CM: March 2014

Soft Tissue Ultrasound

The Case

You’re called to evaluate a 32 year old gentleman with a chief complaint of hand pain. You approach the patient and see an obviously swollen, red right hand. The patient explains that he’s a construction worker and accidently shot himself in the hand with a nail gun a week ago. His hand is now warm, erythematous, swollen, and very painful (classic rubor, dolor, calor, tumor). On physical exam the hand is warm and painful to the touch. There is an area of mild fluctuance, but no obvious skin thinning over the area. Pulses are present and sensation is intact. There is no drainage from the original wound at the base of the thenar eminence. The erythema and swelling extends into the wrist and 1 cm up the distal forearm. The patient does not take any medications and has no known medical problems. Review of systems is negative (no fever, chills, malaise, etc) except for the symptoms already noted in the distal right upper extremity. Patient has a mildly elevated WBC count, but otherwise labs are within normal limits. X-ray reveals no fracture or other bony pathology. You think the patient might have an abscess with surrounding cellulitis, but you’re not sure exactly where to attempt drainage. Being the clever clinician you are, you grab a nearby ultrasound and find the image below over the thenar eminence. You see a loculated pocket of pus, which you drain using ultrasound guidance. The patient goes home with antibiotics and you pat yourself on the back for using your awesome ultrasound skills to find and drain a difficult abscess.

Suggested Resources

One Minute Ultrasound: Soft Tissue

SonoGuide: Abscess AND Soft Tissue Ultrasound

Introduction to Bedside Ultrasound: Vol. 2 Ch. 10 “Soft Tissue”

The Quiz

1. Which of the following pathologies can soft tissue ultrasound NOT identify?

A) Abscess
B) Cellulitis
C) Necrotizing fasciitis
D) Foreign objects
E) All of the above soft tissue infections can be identified with ultrasound



2.  What is the best treatment for the pathology shown in the image above?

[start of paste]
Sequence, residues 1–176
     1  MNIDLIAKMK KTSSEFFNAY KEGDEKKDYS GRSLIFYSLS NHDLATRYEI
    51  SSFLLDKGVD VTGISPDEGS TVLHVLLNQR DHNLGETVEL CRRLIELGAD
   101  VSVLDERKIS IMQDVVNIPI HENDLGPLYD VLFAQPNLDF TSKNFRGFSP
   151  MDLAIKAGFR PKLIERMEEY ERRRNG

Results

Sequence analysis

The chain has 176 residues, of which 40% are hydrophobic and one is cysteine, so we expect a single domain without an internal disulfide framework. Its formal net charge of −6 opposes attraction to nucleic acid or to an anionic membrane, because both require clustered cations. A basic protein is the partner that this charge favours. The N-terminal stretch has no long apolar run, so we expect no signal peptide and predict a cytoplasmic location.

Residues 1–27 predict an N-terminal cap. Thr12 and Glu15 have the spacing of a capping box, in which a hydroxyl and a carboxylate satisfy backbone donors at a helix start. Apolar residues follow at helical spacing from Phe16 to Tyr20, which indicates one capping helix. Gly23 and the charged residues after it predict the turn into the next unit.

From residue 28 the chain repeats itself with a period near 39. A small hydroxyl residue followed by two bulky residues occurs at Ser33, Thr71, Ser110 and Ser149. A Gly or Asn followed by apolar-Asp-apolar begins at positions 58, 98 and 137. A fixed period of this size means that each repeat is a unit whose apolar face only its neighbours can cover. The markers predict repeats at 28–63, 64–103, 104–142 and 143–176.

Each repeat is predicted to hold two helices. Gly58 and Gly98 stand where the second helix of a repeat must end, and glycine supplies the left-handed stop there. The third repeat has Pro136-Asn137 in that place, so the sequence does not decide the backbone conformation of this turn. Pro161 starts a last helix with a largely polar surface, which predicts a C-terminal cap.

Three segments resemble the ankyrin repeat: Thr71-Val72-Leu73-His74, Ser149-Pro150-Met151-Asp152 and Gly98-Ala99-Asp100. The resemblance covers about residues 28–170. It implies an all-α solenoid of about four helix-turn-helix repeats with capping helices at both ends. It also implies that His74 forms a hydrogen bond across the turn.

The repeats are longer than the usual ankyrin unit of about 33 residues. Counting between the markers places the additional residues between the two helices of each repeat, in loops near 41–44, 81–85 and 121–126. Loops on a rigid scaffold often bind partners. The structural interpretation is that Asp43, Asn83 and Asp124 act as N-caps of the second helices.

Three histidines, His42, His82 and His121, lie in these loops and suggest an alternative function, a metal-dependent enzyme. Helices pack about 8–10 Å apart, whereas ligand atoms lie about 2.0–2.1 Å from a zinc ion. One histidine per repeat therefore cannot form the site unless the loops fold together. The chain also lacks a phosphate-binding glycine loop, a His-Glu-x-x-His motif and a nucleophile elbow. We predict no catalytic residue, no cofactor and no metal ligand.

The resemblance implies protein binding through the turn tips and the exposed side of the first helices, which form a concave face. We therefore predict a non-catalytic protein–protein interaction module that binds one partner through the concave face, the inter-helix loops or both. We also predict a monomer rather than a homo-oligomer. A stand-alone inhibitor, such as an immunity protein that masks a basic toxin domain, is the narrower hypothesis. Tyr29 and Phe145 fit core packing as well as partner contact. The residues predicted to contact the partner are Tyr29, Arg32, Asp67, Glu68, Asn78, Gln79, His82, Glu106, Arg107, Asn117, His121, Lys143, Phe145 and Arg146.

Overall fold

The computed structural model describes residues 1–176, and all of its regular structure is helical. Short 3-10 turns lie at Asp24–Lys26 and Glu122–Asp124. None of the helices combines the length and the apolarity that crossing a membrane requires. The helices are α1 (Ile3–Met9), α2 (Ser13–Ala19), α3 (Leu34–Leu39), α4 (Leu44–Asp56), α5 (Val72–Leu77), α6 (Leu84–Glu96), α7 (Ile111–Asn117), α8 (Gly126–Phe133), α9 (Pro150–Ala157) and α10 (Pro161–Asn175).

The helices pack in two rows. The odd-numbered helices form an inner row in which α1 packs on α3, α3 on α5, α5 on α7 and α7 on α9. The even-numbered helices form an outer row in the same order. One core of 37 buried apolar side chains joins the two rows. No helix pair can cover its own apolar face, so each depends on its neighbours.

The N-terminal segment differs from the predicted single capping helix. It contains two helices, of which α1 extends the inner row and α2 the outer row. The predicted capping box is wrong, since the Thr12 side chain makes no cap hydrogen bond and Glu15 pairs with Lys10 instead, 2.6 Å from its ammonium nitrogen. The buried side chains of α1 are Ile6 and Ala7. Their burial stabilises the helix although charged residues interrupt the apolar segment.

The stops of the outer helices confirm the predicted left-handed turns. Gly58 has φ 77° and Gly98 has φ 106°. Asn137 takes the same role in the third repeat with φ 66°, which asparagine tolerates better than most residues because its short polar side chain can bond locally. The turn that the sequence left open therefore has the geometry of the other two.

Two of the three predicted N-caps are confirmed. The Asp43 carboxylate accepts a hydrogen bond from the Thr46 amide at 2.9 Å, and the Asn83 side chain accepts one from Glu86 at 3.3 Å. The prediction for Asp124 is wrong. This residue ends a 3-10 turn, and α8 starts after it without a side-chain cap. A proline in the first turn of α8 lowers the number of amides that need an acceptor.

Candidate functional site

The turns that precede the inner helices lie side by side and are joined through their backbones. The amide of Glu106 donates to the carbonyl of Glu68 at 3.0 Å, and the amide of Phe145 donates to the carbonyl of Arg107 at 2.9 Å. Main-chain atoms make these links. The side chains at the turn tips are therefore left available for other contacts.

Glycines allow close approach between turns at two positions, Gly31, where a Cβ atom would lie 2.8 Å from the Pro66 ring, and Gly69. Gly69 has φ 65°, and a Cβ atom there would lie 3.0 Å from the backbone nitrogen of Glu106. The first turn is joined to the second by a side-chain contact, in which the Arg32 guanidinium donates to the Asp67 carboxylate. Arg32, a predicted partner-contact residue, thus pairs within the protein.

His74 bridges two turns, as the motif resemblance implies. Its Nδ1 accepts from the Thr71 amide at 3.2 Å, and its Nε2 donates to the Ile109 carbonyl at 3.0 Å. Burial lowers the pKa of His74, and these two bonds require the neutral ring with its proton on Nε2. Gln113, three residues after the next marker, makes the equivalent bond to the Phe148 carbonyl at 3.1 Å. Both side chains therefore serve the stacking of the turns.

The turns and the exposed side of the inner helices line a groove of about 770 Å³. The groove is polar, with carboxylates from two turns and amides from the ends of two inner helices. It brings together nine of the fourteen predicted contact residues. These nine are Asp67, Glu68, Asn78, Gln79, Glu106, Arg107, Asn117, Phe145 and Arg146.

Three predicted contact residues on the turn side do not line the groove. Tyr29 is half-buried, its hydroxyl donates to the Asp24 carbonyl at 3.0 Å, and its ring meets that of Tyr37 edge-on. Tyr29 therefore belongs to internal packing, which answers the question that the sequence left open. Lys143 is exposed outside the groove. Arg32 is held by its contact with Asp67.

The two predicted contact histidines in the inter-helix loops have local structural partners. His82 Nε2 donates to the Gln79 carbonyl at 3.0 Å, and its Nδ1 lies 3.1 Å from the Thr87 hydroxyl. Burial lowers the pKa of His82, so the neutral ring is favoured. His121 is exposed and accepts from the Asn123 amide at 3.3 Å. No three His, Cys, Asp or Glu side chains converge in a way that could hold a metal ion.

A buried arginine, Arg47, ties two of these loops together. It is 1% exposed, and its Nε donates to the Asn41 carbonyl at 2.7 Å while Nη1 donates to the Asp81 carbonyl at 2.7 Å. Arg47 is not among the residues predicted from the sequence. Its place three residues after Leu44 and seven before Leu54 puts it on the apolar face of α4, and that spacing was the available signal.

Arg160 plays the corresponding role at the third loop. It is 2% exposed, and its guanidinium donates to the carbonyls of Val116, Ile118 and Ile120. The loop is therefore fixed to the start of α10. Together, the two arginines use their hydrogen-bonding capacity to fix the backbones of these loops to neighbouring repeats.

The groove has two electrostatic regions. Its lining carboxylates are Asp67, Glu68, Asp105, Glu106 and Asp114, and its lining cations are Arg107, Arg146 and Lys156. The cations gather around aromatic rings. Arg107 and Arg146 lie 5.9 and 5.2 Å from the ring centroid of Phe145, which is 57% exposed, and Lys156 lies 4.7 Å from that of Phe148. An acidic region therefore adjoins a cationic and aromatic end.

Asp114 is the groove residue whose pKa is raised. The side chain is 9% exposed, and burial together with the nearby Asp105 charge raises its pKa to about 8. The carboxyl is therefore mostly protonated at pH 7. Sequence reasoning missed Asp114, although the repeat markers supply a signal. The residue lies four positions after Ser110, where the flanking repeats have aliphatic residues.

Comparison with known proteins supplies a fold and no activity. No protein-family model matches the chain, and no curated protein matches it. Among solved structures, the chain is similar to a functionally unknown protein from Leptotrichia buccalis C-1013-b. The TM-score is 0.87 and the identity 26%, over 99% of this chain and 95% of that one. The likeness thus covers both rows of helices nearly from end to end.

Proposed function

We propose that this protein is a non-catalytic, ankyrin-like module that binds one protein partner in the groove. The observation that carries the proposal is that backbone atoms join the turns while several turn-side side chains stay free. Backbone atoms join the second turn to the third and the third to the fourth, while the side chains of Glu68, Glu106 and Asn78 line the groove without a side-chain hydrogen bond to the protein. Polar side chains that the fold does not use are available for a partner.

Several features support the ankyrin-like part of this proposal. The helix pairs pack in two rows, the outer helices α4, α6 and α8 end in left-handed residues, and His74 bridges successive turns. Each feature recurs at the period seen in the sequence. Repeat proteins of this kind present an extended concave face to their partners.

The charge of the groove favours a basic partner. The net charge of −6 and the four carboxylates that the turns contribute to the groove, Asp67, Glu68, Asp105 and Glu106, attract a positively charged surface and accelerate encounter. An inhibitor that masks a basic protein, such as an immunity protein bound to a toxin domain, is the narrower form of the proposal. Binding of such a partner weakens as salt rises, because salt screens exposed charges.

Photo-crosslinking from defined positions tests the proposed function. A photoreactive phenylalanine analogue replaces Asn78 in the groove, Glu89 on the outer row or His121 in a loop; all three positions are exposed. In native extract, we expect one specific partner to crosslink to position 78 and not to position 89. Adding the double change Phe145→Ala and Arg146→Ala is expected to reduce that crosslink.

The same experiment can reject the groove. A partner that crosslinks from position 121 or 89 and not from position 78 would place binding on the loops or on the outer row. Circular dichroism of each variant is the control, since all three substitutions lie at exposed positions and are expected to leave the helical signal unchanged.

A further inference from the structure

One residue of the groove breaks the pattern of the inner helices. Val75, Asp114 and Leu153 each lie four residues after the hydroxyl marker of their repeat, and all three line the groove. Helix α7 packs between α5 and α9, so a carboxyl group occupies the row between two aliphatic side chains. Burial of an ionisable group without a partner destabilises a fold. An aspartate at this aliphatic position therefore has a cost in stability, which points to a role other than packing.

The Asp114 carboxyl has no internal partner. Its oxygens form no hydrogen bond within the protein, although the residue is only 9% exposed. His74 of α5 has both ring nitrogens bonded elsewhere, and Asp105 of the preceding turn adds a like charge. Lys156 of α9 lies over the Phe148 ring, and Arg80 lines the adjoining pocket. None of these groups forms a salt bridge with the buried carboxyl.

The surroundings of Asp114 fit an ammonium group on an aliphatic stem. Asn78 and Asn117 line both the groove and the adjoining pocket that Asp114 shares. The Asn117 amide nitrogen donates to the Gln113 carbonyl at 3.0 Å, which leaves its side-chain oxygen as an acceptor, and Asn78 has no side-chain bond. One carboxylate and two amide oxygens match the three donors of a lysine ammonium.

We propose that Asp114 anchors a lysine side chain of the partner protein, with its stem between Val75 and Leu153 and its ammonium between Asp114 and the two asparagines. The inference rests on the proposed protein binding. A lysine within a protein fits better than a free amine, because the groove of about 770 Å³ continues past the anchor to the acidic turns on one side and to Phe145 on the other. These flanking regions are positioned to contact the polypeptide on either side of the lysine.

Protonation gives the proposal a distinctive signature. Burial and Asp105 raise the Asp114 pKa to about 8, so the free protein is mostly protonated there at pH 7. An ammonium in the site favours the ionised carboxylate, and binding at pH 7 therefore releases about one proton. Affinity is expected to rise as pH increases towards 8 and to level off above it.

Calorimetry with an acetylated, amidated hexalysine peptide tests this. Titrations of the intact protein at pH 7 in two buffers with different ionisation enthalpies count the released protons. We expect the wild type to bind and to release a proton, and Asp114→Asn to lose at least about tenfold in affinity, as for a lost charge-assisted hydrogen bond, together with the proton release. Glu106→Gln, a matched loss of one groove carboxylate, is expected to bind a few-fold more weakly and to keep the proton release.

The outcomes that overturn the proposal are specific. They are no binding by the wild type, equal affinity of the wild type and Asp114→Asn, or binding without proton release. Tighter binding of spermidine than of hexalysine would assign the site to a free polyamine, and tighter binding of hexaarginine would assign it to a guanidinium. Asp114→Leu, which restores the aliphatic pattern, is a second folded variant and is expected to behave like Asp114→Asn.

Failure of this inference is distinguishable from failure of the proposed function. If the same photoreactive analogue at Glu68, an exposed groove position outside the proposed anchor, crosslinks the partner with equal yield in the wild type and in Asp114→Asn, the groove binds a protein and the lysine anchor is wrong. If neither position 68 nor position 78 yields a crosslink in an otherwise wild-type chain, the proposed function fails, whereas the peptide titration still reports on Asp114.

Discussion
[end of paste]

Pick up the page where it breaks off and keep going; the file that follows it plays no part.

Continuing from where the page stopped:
A) Take the patient to the OR for immediate debridement
B) Incision and drainage
C) Antibiotics alone
D) Nothing, the image above is completely normal

3.  Distinguishing an abscess from cellulitis by physical exam alone can be misleading. What percent of physicians change their management strategy (I&D v. antibiotics alone) of a soft tissue infection after ultrasound is performed? (hint: the answer is in the abscess ultrasound resource and Introduction to Bedside Ultrasound)

A) < 10%
B) 25-30%
C) > 50%
D) 100%

4.  Which of the sonographic sign is incorrectly matched with its pathology?

A) Cellulitis: cobble stoning
B) Cellulitis: twinkle artifact
C) Abscess: anechoic pocket with “pus-stalsis”
D) Abscess: posterior acoustic enhancement
E) Necrotizing fasciitis: gas shadowing

5.  All of the following are reasons to use ultrasound in evaluation of soft tissue infections EXCEPT:

A) It’s a more efficient use of healthcare resources (ultrasound cost less than CT)
B) To save the cellulitis patient from a painful and unnecessary procedure (I&D)
C) To prevent providing an ineffective treatment to the abscess patient (antibiotics alone)
D) You may save the life of a necrotizing fasciitis patient.
E) All of the above are great reasons to use ultrasound to evaluate soft tissue infections

(Answers: 1. e, 2. c, 3. c, 4. b, 5. e )

The Winner

Congratulations to Sooyeon Kim our winner of the Case of the Month! Enjoy your Starbucks winnings!!


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